Closing out 2015, I look back at the year’s most viewed posts as a chance to reflect on blog topics, from project management, marketing, and mergers and acquisitions failure, here is what people viewed. In descending order: 10. Change management bottom up or top — The more you look at an organization, the more you identify where the work gets done. An executive team can not command change from the top without awareness of actual change people care about: their job, their compensation, their role, their skill, and their motivation, Stock options, bonus packages, and executive parking privilege do not resonate with the majority, let’s start with culture, forget leadership. Leadership doesn’t drive change, change relies on culture and in the case of culture, leadership is along for the ride and rarely in the driver seat for how change travels. 9. Competing values drive your organization out of business — Another post in the …
New conditions demand new business management strategy. Technology enabled a disruption greater than any department or team level at a company can solve.
Customers severed the business message and took control of marketing channels.
Media lost privilege, marketers lost their minds, business lost their playbook, and customer’s rewrote the rules of engagement.
We need to reengineer marketing from the outside in and then align people, process, and technology from the inside out.
Fast Start conversation: Policies, procedures, forms, transactions, compliance and administrative oversight. Sound like your human resources (HR) department? Many of those items may never go away, but tech-savvy HR departments can provide new capability to the way services offered, delivered, filled, managed, and referenced. Information technology (IT) can reengineer the ability to do more, better. Today, any consideration that you are an HR professional demands a level of technology consideration and comfort in analytically-driven skills, to such an extent that Talent Management magazine’s Ladan Nikravan wonders Is HR the New IT? From recruiting through managing engagement, mobile applications and online forms offer access and management beyond site-localized paper and pen. How tech-savvy is your human resources department? How tech-savvy is your human resources strategy? How tech-savvy is your human resources leadership? How tech-savvy is your human resources team? What potential recruits are you missing? …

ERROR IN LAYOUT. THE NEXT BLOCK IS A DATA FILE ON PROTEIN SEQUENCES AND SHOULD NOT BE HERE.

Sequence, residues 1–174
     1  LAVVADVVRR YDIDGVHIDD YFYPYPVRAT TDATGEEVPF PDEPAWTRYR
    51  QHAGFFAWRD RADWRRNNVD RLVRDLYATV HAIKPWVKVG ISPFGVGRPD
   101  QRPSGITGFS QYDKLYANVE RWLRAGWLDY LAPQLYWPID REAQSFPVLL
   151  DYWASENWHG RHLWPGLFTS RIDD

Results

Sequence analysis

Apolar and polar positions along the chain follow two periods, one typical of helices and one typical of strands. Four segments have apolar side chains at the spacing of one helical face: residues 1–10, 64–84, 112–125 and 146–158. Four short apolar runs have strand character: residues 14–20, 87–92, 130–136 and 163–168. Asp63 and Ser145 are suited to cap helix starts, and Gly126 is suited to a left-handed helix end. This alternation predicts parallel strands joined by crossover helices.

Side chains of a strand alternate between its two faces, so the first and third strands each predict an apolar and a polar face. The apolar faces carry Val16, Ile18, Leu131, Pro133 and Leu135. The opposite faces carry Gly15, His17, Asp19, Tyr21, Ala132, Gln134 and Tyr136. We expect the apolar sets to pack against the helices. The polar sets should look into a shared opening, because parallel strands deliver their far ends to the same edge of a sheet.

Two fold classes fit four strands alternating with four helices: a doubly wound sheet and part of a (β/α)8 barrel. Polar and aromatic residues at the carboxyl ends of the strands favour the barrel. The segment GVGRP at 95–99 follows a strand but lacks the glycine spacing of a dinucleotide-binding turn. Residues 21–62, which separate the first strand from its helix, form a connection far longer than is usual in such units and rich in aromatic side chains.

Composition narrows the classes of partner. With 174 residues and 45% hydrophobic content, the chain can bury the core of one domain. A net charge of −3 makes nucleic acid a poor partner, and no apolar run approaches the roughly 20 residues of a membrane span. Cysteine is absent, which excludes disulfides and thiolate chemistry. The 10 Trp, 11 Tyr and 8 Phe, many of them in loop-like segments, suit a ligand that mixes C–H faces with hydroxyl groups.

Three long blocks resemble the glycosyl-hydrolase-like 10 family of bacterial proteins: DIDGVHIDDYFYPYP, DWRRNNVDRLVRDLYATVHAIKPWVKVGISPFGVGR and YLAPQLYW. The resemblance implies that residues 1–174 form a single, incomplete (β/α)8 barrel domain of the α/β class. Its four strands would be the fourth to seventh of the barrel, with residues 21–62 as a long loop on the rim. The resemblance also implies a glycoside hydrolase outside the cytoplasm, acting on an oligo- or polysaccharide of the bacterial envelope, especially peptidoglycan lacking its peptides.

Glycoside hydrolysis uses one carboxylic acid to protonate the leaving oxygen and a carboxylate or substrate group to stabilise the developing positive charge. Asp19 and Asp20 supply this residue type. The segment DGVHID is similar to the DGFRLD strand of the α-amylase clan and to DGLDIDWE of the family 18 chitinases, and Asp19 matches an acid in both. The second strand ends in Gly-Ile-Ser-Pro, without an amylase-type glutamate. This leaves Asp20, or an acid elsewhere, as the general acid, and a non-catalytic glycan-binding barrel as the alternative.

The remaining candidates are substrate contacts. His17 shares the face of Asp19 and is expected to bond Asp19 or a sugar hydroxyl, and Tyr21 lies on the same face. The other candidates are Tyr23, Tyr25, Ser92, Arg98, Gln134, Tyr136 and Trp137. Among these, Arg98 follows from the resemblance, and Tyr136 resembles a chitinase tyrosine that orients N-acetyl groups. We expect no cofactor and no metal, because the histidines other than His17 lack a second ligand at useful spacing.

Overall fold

Policy, procedure, and bureaucracy tend to creep as an organization grows in size: revenues, market share, employees. With that creep does organization culture benefit with bureaucracy? Bureaucracy may, indeed, provide organizations a strong case to manage risk. While a small organization may have flexibility and ad hoc procedures based on one-on-one interactions, as an organization adds people the original interactions of smaller teams are stretched beyond first-level interaction. This means the track record of things that may have been consistent is now flexed beyond first-level accountability. You expect an organization grows to meet the demand of added revenue. However, if your original processes and procedures were flexible and not well-documented, you now run a risk to quality when you grow to fast. If the wheel wobbles at 5mph then at 65mph the wheel is teeth rattling. The Internet, as a tool, is a good example …
If companies were built to last, than 4 of 10, almost 50%, would still remain on the the Fortune 500 a mere 10 years later.
Sustained success has less to do with market forces than company values; less to do with competitive position than personal beliefs; less to do with resource advantages than vision. Sustained success has to do with managing culture.
Organization change without an awareness of what drives the organization’s culture may be the reason close to 90% of all projects fail.
Culture is key to remain great.
Frameworks and theories that rely on past events ignore all opportunity for organizations to interact in an interdependent co-generative way: systems theory.
Systems theory and systems thinking relies on interface, feedback, organizational goals, input, throughput, output, differentiation, and integration.